Six Nations: Concerns about England conduct are ancient history now, says Stuart Lancaster

Head coach insists his players will be picked for Lions on merit after Warren Gatland showdown

The first thing on Stuart Lancaster's mind as he presided over a brisk Six Nations training session at the national football centre in Staffordshire was the latest medical bulletin, which confirmed that Ben Morgan, the first-choice England No 8, was still suffering from ankle problems and would definitely miss next week's meeting with France at Twickenham. Only after absorbing that news did the head coach turn his thoughts towards red-rose prospects – or, some would say, the lack of them – for this summer's British and Irish Lions tour of Australia.

Lancaster met with the Lions coach Warren Gatland on Wednesday night, a day or so after the New Zealander had generated something of a stink by suggesting that in the touring context, England players were sometimes more trouble than they were worth. The scene was set for clear-the-air discussions at the very least, and possibly a frosty exchange. In the event, all was sweetness and light.

"It wasn't an awkward meeting at all: we had a good chat and Warren reassured me that selection would be based on merit, and merit alone," said Lancaster, who gave no indication of being wounded by Gatland's assertion that the presence of England players created a media "circus", or by his references to the mass outbreak of misbehaviour during the tawdry World Cup campaign in 2011.

"What happened at the World Cup is in the past," he continued, "which doesn't mean it will happen in the future. It's a reference point for us, but no more than that: we want to be judged in the here and now. I think what was said was born out of previous perception, but as I've often pointed out, if you keep to a positive line of travel for long enough, people will eventually stop going on about what happened in past years. When I first took over as coach, there were a lot of questions about the team's behaviour. Now, there are a lot of questions about the team's performance."

The coach's view was supported by one of the men implicated in the tawdry off-field excesses of the World Cup campaign. "I don't think there will be any prejudice when it comes to Lions selection," said the Saracens wing Chris Ashton. "I've met Warren a few times and he seems a fair bloke. If the best players are the ones playing in the England team, I'm sure they'll be picked.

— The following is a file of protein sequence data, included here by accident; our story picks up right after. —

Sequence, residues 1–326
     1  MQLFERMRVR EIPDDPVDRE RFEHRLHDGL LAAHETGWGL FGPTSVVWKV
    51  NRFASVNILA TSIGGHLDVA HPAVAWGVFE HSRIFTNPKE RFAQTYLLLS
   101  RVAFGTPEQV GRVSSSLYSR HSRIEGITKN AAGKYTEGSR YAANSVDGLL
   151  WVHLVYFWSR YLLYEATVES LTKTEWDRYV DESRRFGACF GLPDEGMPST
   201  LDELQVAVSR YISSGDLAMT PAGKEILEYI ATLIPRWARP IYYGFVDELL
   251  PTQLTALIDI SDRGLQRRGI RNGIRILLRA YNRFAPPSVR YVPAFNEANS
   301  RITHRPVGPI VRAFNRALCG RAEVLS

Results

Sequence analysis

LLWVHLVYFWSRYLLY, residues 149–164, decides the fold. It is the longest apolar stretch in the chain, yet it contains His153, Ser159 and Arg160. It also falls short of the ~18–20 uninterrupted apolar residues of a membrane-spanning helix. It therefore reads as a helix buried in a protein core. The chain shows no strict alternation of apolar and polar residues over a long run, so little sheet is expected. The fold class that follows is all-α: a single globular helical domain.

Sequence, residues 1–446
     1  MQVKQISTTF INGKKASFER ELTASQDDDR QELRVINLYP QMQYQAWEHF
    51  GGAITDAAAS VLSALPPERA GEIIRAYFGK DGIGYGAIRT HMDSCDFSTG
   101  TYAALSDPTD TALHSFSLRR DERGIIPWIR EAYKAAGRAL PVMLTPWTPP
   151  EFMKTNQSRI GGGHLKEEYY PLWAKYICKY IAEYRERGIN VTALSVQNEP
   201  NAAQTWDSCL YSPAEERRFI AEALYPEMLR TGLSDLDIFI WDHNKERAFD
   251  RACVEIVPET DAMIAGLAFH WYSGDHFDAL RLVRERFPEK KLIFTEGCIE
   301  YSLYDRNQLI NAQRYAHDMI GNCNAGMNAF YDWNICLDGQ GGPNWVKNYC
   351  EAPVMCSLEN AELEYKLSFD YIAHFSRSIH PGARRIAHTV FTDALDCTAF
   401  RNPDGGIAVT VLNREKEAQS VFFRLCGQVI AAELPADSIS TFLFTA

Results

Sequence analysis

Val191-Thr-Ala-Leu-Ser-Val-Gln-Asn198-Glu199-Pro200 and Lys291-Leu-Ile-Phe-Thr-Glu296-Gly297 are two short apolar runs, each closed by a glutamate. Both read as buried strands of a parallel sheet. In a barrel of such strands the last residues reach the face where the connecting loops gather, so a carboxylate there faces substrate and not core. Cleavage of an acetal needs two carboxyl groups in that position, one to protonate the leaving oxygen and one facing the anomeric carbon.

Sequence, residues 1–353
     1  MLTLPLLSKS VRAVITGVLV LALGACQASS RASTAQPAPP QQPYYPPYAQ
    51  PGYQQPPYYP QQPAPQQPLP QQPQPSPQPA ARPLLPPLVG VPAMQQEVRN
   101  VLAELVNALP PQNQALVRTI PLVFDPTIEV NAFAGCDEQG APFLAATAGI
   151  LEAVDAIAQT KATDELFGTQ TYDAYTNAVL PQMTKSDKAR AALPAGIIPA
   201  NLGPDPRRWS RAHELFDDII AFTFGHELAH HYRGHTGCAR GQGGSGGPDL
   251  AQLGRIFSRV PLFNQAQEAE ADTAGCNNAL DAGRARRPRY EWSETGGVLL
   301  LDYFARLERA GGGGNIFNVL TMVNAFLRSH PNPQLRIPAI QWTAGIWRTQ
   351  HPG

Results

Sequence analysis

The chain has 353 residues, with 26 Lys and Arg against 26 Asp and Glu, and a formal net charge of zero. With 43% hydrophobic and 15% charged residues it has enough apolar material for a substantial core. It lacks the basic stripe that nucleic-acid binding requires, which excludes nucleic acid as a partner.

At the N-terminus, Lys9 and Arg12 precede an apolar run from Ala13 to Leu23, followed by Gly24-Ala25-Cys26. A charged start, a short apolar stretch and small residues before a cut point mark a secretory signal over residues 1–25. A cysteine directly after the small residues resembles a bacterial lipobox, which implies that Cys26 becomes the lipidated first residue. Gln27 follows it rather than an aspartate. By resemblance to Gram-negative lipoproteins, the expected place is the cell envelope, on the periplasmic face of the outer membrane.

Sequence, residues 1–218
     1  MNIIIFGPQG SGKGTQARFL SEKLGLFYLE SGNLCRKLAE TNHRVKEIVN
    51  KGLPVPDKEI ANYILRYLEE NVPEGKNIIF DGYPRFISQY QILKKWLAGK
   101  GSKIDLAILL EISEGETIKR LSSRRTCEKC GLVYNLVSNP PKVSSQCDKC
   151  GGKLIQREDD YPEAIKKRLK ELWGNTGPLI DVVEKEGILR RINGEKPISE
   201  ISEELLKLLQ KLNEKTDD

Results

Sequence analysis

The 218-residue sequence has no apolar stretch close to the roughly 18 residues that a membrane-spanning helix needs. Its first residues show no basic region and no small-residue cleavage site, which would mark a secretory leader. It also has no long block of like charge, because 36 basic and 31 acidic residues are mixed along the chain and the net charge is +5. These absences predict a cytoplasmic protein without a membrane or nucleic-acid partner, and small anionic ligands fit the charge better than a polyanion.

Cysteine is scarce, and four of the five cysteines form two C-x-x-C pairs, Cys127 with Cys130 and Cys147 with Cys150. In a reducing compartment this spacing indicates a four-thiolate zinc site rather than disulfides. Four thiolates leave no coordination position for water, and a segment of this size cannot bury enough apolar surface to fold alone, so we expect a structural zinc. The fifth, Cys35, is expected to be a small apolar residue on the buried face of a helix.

"It's a completely different England environment now. The people who played at the World Cup and are still involved have learnt from the experience. If we hadn't, we'd have suffered the consequences. I don't think there will ever be a repeat. What happened was a mistake, and sometimes you have to make mistakes to learn."

While Lancaster does not anticipate any jiggery-pokery surrounding Lions selection, he does expect to have his pastoral skills tested when some of his leading players miss the cut, as they are bound to do in such a tight numbers game. "If the squad was being selected this weekend, I think quite a few of our people would be involved," he said. "But it's early days, isn't it? There's a lot of rugby to be played and there will be tough calls to make.

"As far as I'm concerned, it will be similar to a Monday or a Tuesday in Test week, when I name the 23 for a match and 10 people inevitably feel let down. I think I'll catch players on the rebound for two reasons. Firstly, they'll be going with us on a really challenging tour of Argentina. Secondly, history tells us that on average, nine Lions either get injured before the start of the tour, or injure themselves during it. At least I'll be privy to the thinking behind the Lions selection, because we'll have two of our coaching team [the forwards specialist Graham Rowntree and the backs strategist Andy Farrell] on the trip."

And after the Lions return? How will England be affected then? Several red-rose coaches, Clive Woodward and Andy Robinson included, have pointed to a trend in which England teams under-perform in the year after a British Isles series in the southern hemisphere.

"I've thought that through," said Lancaster, a man who thinks pretty much everything through, in minute detail. "We have rest provisions in place now that didn't exist four years ago, when the Lions last toured. It will have to be managed properly, but I think we'll have everyone fresh and ready by the time the England international season starts in November."

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